My Day After Bloody Sunday

Gardenia’s Garden Podcast Episode #13

It was the next day, March 8, that pain and anger merged together for my resolve. Click and listen to podcast to understand why.

Bloody Sunday, as it was called, March 7, 1965, when the late John Lewis and other civil rights leaders led a march from Selma, Alabama to Montgomery, Alabama to demonstrate for voting rights. They did NOT get there that day.

I remember that Sunday as a day of pain and agony.  It was the one time that I did not mind washing the dinner dishes because my tears rolled down my cheeks, into the kitchen sink and merged with the soapy dish water – unnoticed.  My parents were glued to our black and white TV in our living room, watching the news with close friends.

Their silence and looks of sadness were intolerable.  There were no outbursts; no words spoken, deadly silence really, which made my tears flow even more. 

the most stubborn flower breaks through stone of challenges (obstacles) – Grandmother

TV coverage continued throughout – Walter Cronkite, news anchor, reporting.  Was there a lesson that Selma wanted to teach us, as Blacks, as to what we could expect as Americans?  Was there no empathy toward our fellow brothers and sisters; rather, what exists is how much cruelty and lawlessness that can be inflicted upon us?  Do they not understand that our pain is also their pain – our fight.  Do they not understand what my Grandmother taught us – the stubbornness of the sidewalk flower – the most stubborn flower breaks through stone of challenges (obstacles).

As a child, even then, I knew that this would not deter the movement for voting and human rights.  We would gather our thoughts and come together even stronger. Like other Black communities, we had to hold on for better and what we believed was a right fight for human justice.

That night, my parents, called us together, before going to bed.  They reminded my sister, brother, and me that we were loved.  It was the first time that my father spoke as much on such matters.  He usually allowed my Mom to talk the most.  That night, I saw him in a different way.  I knew he was the bread winner of the family, but it was the first time I saw all his pain as a Black man in America.  I had seen him stand firm in personal moments; stand up for his beliefs, yet this was the first time I saw his inner pain come to the forefront. 

I went to bed with that image.  I am unsure when I fell asleep.  I could hear the voices of my parents even though I was unable to understand what they were saying. 

The next day was a school day and we were expected to be “about it.” The bus ride to school was solemn. There was not the usual chattering, but, that day was my day of reflection like no other. 

When President John F. Kennedy was killed, the principal, Mr. James Bulluck, assembled the entire school into the auditorium and reminded us that we were as good as anyone else; therefore, I was expecting an assembly.  There was none.  Still, it was again, at G. W. Bulluck Elementary School, that pain and anger, was infused to spring forth my resolve.   The words came from my 4 feet 9 inches fifth grade teacher. Miss Lucas, was her name – not Ms. Lucas.  She made that clear day one in her class.

She was not a nurturing teacher; stern but fair. We called her “mean.”  My sister had warned me, that she is shorter than Mrs. Tyson and meaner than any teacher she had known.  So, my fear of her, had been certified and sanctioned by my Sis.  I had been in her class since September and I had never seen Miss Lucas smile.  She was not about to do so today after scenes from “Bloody Sunday.”   This “mean teacher” sat from her desk and delivered words that have impacted my journey by simply saying, “Choices.”  Miss Lucas loved Science.  Science to her was balance in life – it was physical, chemical, biological, and reactionary.  The choices we make in life brings reactions and changes.  In essence, she said, “If one chooses to do homework, the reactions and changes affect your life.  If one chooses NOT to do homework, those reactions affect your life.  If one chooses to do good, reactions and changes affect your life. If one chooses to do bad, the reactions and changes affect your life.  Chain reactions stimulate the world. Your choices are yours; but know that for every cause there is an effect; anticipate  the chain reaction.  Hatred can cause a chain reaction that fuels combustion.  Therefore, consider and make choices, in life, that will lead you to changes for the good.”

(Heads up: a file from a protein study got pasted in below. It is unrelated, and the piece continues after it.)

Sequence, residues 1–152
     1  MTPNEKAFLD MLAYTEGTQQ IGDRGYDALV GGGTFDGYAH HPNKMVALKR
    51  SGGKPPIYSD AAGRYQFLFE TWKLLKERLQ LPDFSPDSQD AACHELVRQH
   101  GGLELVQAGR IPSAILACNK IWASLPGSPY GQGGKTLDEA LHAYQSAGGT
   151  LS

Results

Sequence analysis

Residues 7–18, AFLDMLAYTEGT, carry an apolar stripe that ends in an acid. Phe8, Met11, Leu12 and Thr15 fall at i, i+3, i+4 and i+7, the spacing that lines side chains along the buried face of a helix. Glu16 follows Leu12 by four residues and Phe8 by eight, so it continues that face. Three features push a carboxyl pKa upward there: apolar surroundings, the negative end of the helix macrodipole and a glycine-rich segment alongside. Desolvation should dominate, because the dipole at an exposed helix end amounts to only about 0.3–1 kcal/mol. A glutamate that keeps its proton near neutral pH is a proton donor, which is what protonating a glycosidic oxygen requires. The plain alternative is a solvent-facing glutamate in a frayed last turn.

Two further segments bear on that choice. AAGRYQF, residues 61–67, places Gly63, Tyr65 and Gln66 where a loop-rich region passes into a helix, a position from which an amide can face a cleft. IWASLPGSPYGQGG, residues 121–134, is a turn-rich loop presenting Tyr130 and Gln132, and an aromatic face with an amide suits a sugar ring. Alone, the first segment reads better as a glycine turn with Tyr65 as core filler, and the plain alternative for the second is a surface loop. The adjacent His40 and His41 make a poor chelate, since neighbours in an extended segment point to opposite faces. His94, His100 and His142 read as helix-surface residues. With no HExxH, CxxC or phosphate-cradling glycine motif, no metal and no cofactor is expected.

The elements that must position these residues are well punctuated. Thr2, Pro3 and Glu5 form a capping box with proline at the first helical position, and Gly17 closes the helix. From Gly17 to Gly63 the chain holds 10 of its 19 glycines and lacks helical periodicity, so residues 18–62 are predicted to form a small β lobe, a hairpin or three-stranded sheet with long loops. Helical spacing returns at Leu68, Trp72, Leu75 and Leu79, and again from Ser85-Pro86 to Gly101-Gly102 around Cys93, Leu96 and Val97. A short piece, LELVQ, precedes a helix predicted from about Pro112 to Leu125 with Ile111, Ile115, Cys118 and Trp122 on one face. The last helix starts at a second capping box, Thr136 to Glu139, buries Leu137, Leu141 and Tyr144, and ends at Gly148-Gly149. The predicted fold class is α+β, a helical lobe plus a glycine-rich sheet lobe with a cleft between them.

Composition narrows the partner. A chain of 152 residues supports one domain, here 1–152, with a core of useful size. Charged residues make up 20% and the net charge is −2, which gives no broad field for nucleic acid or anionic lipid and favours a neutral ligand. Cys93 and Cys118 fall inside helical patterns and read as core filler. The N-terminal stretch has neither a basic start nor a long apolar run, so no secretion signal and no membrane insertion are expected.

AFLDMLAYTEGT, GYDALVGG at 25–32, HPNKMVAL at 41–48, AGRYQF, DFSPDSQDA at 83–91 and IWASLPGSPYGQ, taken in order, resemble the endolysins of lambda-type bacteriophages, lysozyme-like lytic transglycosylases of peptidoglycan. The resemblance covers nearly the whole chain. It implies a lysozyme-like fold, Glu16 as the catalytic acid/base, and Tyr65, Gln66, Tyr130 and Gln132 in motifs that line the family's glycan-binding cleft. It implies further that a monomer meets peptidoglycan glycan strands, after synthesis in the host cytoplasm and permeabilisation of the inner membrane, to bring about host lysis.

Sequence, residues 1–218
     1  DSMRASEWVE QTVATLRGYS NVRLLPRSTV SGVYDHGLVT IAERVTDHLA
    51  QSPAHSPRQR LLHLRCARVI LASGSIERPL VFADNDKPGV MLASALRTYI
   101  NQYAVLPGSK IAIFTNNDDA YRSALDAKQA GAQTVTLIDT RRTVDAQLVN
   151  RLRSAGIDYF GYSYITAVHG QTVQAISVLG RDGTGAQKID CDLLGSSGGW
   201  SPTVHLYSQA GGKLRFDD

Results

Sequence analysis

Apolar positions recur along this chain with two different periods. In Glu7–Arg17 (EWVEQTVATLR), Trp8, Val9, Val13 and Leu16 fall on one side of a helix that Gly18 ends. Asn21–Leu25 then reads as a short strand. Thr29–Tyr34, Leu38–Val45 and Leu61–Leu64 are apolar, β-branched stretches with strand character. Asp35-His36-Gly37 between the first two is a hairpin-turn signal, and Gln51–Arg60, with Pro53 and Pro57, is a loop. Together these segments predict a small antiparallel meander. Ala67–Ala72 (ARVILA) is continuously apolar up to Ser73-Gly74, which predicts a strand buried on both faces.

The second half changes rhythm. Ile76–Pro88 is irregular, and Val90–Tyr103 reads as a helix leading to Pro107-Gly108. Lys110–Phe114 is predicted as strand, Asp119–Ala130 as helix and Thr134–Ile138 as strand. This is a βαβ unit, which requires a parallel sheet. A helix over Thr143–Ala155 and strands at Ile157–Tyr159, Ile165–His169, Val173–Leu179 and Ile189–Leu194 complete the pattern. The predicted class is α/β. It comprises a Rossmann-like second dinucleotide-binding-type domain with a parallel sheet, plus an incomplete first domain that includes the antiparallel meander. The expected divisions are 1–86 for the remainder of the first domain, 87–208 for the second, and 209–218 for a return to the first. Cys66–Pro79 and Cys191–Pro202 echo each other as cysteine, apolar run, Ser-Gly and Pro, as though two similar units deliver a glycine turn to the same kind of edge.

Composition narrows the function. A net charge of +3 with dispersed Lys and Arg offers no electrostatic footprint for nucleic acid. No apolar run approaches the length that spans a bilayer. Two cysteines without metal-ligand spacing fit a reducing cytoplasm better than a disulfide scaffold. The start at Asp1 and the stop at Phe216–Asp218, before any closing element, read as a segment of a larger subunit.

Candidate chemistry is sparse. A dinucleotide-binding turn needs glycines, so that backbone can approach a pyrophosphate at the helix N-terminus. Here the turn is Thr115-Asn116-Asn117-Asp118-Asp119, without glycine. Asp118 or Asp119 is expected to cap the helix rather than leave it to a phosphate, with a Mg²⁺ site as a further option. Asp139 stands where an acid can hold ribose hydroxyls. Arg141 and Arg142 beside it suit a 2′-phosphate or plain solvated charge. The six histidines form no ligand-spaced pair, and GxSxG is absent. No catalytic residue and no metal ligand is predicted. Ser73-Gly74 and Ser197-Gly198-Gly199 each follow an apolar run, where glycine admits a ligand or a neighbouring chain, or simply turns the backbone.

I think about Miss Lucas – that “ole mean teacher” with eye-glasses hung around her neck, held by a chain.  From then on, I saw her differently.  She was not an old spinster to me anymore. She was smart; she made choices; she chose to teach; she chose to be a single woman; a surrogate Mom to us. Now, I see her with an attitude of gratefulness.  That day, she gave this little girl, a deeper understanding about reactions and changes.  I no longer despised those Science lessons. I had POWER to change the things around me.  I had POWER to change things for the good.  Yes, my parents, Sunday School teachers, and many strong figures, gave me great advice.  What this 4’ 9” woman gave was a belief that I had unused POWER as a kinetic force which could draw reactions and make changes personally and globally.  I have the POWER to change this world – take my anger and pain to do good (maybe I can remove the pain I saw in my father’s eyes).

Somewhere, in this world, some little child, feels the same as I did that day.  Somewhere, that child will see pain, anger, and hatred of fellow citizens, and make a declaration, saying, “Just watch me make change!”

“I can do all things, through Christ Jesus, who strengthens me.”

Background – We do not own the music rights – Music performed by Mr. George Furlow

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